Induction Furnace

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induction furnace

[in′dək·shən ‚fər·nəs]
An electric furnace in which heat is produced in a metal charge by electromagnetic induction.
McGraw-Hill Dictionary of Scientific & Technical Terms, 6E, Copyright © 2003 by The McGraw-Hill Companies, Inc.
The following article is from The Great Soviet Encyclopedia (1979). It might be outdated or ideologically biased.

Induction Furnace


(also induction melting furnace), an electrothermal device for melting materials by induction heating. Crucible and channel induction furnaces are most commonly used in industry.

A crucible induction furnace consists of an induction heater in the form of a solenoid made from water-cooled copper tubing and a crucible, which, depending on the properties of the melt, may be made of ceramic materials or in special cases may be graphite or steel. Crucible furnaces are used in melting steel, cast iron, precious metals, copper, aluminum, and magnesium. They are manufactured with crucible capacities ranging from a few kilograms to dozens of tons. They may be constructed as open, vacuum, gas-filled, or compressed-gas furnaces. The current supplied to the furnace can be low-, medium-, or high-frequency.

The main components of a channel furnace are a melting bath and a so-called induction unit, which consists of a hearthstone, a magnetic core, and an inductor. Channel furnaces differ from crucible furnaces in that the conversion of electromagnetic energy to thermal energy occurs in a heat evolution channel, which must be continuously filled with an electrically conductive body. For the first start-up of a channel furnace, molten metal is poured into the channel, or a pattern made of the material to be melted is placed in the channel. After melting is completed, the furnace is emptied incompletely, leaving a “swamp” to ensure that the heat evolution channel is filled for the next start-up. In modern furnaces the induction unit is removable to facilitate replacement of the hearthstone.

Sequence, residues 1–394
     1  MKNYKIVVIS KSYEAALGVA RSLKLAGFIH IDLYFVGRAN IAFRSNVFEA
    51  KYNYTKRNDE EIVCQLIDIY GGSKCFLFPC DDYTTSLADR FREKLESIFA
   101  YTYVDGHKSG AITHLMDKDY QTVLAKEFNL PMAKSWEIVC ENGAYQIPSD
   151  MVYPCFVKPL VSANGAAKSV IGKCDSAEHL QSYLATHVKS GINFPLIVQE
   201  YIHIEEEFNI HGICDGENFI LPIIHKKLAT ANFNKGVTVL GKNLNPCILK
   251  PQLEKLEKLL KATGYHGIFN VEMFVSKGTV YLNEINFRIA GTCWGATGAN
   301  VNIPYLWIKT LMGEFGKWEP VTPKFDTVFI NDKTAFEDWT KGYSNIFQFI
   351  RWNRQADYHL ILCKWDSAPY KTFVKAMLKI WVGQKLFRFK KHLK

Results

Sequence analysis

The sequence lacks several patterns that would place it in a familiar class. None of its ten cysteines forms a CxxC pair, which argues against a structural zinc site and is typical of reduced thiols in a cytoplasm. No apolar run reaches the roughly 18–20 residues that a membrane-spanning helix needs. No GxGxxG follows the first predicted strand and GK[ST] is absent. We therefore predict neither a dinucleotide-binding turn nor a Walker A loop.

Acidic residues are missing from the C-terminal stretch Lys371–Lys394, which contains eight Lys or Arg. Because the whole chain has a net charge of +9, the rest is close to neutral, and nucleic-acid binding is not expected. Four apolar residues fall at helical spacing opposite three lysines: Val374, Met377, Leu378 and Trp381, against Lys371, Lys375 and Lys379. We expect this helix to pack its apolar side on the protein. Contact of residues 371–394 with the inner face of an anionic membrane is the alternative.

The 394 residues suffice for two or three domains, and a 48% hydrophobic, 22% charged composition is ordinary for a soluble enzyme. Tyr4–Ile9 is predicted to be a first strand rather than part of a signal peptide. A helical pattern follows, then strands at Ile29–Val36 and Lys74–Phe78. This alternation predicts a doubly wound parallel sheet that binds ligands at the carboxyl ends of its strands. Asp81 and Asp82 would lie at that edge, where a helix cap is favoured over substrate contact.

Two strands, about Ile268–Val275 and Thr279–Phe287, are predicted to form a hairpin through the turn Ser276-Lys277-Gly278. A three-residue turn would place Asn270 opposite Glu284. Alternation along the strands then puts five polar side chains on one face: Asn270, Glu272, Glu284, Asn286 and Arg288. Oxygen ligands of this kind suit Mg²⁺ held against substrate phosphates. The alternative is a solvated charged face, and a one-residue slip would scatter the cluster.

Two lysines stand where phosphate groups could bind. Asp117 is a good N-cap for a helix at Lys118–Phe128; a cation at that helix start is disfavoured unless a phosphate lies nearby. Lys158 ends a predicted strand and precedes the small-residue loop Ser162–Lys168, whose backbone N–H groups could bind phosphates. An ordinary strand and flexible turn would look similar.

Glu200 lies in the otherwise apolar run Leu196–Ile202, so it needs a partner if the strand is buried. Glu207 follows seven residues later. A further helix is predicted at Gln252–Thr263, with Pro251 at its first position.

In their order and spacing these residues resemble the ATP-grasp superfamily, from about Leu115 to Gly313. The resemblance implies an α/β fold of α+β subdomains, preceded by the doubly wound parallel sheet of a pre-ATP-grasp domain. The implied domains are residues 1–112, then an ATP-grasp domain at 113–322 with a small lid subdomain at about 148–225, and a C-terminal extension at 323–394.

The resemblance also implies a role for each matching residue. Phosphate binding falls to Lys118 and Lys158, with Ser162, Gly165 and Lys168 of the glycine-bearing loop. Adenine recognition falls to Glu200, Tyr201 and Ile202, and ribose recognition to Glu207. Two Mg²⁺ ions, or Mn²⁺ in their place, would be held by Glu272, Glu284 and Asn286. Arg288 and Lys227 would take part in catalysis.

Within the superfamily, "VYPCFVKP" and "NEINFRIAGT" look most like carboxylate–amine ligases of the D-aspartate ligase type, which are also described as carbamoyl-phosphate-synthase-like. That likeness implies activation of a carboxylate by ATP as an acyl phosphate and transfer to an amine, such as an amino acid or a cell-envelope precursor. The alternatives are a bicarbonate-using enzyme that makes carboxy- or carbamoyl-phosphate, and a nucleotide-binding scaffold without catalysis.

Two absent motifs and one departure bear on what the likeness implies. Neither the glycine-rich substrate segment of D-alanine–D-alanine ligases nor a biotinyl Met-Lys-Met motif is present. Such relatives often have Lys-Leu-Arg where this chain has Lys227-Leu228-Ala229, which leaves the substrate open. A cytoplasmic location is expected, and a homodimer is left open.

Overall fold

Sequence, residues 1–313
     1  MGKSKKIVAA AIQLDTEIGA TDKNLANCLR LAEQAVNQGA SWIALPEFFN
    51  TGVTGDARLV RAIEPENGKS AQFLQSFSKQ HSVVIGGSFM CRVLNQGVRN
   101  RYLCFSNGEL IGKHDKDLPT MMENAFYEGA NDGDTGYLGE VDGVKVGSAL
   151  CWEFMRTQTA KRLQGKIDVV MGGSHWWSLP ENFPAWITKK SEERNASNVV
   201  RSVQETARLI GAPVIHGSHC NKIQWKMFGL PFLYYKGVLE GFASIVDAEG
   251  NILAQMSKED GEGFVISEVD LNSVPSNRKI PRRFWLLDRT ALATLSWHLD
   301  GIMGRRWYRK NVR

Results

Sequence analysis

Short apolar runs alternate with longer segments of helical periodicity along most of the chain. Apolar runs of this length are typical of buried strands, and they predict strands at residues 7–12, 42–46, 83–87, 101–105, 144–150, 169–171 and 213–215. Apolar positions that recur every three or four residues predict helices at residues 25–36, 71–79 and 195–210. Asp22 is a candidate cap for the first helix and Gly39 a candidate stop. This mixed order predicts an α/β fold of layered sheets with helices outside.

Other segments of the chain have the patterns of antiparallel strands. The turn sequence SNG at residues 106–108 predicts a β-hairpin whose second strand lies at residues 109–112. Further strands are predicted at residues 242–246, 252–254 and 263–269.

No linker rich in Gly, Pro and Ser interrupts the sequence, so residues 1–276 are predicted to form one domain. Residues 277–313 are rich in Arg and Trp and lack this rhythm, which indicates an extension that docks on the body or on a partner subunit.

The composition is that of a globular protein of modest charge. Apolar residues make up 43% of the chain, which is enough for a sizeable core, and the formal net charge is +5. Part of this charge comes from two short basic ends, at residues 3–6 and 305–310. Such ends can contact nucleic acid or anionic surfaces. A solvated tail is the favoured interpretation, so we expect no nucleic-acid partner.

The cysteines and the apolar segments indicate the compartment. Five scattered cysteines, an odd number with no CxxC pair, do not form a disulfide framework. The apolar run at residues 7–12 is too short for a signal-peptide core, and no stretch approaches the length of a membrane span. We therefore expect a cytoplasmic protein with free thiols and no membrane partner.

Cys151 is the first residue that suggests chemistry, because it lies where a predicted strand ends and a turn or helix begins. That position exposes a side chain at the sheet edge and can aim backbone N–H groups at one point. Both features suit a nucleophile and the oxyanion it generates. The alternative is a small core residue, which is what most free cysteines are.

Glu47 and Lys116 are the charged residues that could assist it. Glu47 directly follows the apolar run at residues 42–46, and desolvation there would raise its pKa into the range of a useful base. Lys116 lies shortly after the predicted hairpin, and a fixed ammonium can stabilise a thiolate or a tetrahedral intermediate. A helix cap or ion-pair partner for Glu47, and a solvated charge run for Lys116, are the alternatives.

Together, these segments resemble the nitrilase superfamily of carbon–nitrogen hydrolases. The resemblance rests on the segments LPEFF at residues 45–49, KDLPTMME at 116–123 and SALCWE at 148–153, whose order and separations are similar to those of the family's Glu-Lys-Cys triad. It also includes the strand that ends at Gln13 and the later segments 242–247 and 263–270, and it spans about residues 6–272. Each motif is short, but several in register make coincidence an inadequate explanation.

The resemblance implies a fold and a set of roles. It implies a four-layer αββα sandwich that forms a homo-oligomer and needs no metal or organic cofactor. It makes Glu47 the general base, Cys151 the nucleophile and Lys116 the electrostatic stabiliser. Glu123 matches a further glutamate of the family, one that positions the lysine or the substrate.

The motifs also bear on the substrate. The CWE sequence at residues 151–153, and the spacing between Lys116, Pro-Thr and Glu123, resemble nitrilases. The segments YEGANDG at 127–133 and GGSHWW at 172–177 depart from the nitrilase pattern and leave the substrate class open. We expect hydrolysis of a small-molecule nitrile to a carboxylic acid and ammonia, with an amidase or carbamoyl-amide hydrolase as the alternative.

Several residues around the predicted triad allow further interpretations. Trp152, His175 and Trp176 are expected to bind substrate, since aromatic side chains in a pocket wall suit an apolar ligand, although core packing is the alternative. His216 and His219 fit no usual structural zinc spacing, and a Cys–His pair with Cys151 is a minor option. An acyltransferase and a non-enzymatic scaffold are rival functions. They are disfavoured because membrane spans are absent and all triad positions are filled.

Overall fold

Channel furnaces are used for melting nonferrous metals and their alloys, as well as cast iron. The capacity of the melting bath of a furnace ranges from a few hundred kilograms to several hundred tons; the current is supplied at industrial frequency. Melting in induction furnaces is characterized by relatively cold slag, since heat is released in the melted metal; by high output of the process; and by intensive mixing and high quality of remelted metal. Induction furnaces are used for remelting and refining metals, and also as mixers (forehearths) for storage and reheating of lquid metal before casting.


Vainberg, A. M. Induktsionnye plavil’nye pechi, 2nd ed. Moscow, 1967.
Farbman, S. A., and I. F. Kolobnev. Induktsionnye pechi dlia plavki metalov i splavov, 4th ed. Moscow, 1968.


The Great Soviet Encyclopedia, 3rd Edition (1970-1979). © 2010 The Gale Group, Inc. All rights reserved.
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